If you wonder why Biff is shivering in the last panel…well, he’s wearing only swimming trunks, and there was a sudden gust of cold air. Completely unrelated to the plot, just a small nod to realistic randomness of circumstances. >_>
As for why Biff can’t get himself to properly shiver at the revealed sight of their newest enemy…well, it’s not that he doesn’t know that shadows are associated with the word ‘deceptive’ for a purpose. He’s just a bit surprised at the sheer degree to which these particular shadows were deceptive. Just concerning the general amount of tentacles, fangs and razor-like teeth the shadows indicated, and the noticeably smaller amount of tentacles, fangs and razor-like teeth in evidence on the actual monster. ._.
But try to look beyond the superficialities: the monster is obviously money-based, and that clearly implies enormous damage potential. Historically speaking, the amount of damage caused by money massively outweighs the amount of damage caused by giant, Cthulhu-like sea monsters. Since the latter isn’t really terribly high. If extent at all…basically, the closest you get to historical evidence for damage caused by giant, Cthulhu-like sea monsters…involves crediting them with all military successes ancient believers credited in gratefulness to the Semitic deity Dagon, since Dagon also appears in works by H.P. Lovecraft. Uh. ._. Let’s just say it’s not strong historical evidence.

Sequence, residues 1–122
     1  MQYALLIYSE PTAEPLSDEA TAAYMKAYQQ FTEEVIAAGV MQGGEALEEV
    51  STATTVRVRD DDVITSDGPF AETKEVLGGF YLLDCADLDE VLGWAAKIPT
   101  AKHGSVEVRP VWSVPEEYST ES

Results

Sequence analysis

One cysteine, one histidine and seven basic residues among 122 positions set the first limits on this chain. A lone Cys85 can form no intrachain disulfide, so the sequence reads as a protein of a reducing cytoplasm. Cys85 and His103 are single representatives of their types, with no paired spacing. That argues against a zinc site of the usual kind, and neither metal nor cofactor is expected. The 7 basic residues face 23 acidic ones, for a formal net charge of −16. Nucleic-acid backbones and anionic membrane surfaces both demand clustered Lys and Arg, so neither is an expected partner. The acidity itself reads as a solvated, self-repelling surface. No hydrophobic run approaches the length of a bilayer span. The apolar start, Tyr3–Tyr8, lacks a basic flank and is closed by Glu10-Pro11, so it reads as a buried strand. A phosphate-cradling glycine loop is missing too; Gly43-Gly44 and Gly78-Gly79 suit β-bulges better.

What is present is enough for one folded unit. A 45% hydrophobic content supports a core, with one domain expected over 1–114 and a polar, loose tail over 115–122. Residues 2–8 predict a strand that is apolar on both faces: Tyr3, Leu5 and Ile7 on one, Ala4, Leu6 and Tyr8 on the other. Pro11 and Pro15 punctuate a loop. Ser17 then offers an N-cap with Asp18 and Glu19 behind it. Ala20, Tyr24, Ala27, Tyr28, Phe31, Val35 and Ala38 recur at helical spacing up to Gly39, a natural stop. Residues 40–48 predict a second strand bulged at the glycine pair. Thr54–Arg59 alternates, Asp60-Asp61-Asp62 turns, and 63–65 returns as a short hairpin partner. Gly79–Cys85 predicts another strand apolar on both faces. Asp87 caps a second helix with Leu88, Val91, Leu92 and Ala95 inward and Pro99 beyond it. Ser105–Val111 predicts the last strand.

More on the wacky adventures of the goofy-looking coin-monster on Thursday.